“I disagree. When you say, ‘It offers the same functionality as Facebook’…what It are you referring to? See Facebook has Facebook Music. What is our music feature called? Oh yes…Google Music. Facebook has messaging. Ours is Gmail. Facebook has chat. Ours: Google Talk. See the difference is that we think ‘Google’ is the ‘it’. All of Google. Every part. You think it’s just ‘plus.google.com’. That is the difference.”

So, by this way of looking at it, I guess what Google is trying to say is that Google itself is the entire social networking site. You share videos on YouTube, you share messages on Gmail, you look for stuff on the search engine, etc. These are all things Facebook has in equivalence somewhere on their site too. Therefore, what Google Plus really becomes for Google is a way for Google to retrieve your legal name (they force you to use your legal name), your address, your contacts, your photographs, and other sensitive data about you. This way, Google can fulfill its mission to combat against “the faceless web” and start selling your personal data to advertisers for bigger profits.  Google Plus isn’t about getting more social -it’s about making it easier to monetize your personal data.

This is why Google Plus fails – it doesn’t focus on social interaction and engagement. As long as Google has key personal data about you, they couldn’t care less if you engage with Google Plus for hours or three seconds. As long as they know your personal information, who your friends are, and what you’re “liking” (or “+1-ing“) all over the web – then it’s all good.  This is what Mr. Gundotra said,

“You can think of Google+ as Google 2.0. In the new version of Google, we know your name, we know your circles and we make (our) services better… Everything is being upgraded. We already have users. We’re now upgrading them to what we consider Google 2.0”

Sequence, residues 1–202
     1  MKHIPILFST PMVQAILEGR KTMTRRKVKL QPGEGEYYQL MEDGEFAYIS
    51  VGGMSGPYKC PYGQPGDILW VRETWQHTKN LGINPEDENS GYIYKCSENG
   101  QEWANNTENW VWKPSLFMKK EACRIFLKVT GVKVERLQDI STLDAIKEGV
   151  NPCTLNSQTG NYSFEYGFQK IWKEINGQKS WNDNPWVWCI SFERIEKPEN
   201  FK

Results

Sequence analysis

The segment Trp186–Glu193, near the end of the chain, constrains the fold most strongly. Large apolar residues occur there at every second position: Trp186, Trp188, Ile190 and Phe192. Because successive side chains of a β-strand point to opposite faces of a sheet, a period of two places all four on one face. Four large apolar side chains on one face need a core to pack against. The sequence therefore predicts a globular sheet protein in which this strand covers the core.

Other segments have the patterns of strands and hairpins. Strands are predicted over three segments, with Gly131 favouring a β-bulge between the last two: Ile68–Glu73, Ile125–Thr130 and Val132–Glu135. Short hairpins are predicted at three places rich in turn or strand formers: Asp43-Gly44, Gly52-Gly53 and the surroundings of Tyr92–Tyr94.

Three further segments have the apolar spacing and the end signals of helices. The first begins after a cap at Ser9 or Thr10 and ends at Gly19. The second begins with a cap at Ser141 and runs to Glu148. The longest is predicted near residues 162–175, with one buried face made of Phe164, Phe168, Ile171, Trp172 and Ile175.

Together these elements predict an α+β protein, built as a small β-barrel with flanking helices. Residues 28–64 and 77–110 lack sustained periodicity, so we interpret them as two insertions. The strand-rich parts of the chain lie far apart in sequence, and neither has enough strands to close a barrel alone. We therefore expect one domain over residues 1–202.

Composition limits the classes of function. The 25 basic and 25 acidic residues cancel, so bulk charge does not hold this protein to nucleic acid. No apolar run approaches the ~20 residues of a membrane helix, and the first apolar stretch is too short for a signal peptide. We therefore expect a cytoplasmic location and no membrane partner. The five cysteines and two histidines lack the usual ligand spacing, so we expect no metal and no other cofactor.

The more Google knows about you the better it is for Google. This is why Google is so envious of Facebook. Unlike Google, Facebook has a treasure trove of personal data which advertisers love. Google wants a slice of that coveted data and they are willing to say and do anything to get it.

Google will deny and lie to change public perception. The truth is that Google Plus is a social networking website – they can call it a “social layer” till the cows come home, but we all know the truth. The truth is that Google Plus is indeed a virtual ghost town. Even the man interviewing Mr. Gundotra at the SXSW event, who’s a Silicon Valley venture capitalist and fan of Google Plus, admitted that Google Plus is basically dead inside. Mr. Gundotra countered by saying

“Make sure you’re using it correctly”

Perhaps, instead of blaming the users, Google should have made sure to build it correctly. If people are not using Google Plus correctly it’s because you didn’t build it correctly. Google Plus is an utter failure and Google’s true motives are plain as day.

For more information:

All Things Digital, “Google’s Vic Gundotra on Why Plus Isn’t a Minus” – click here

Mashable, “Google+ Executive to Critic: ‘Make Sure You’re Using It Correctly’” – click here

googleexposed, “Google Fails To Convince The Public That Google Plus Isn’t A Failure” – click here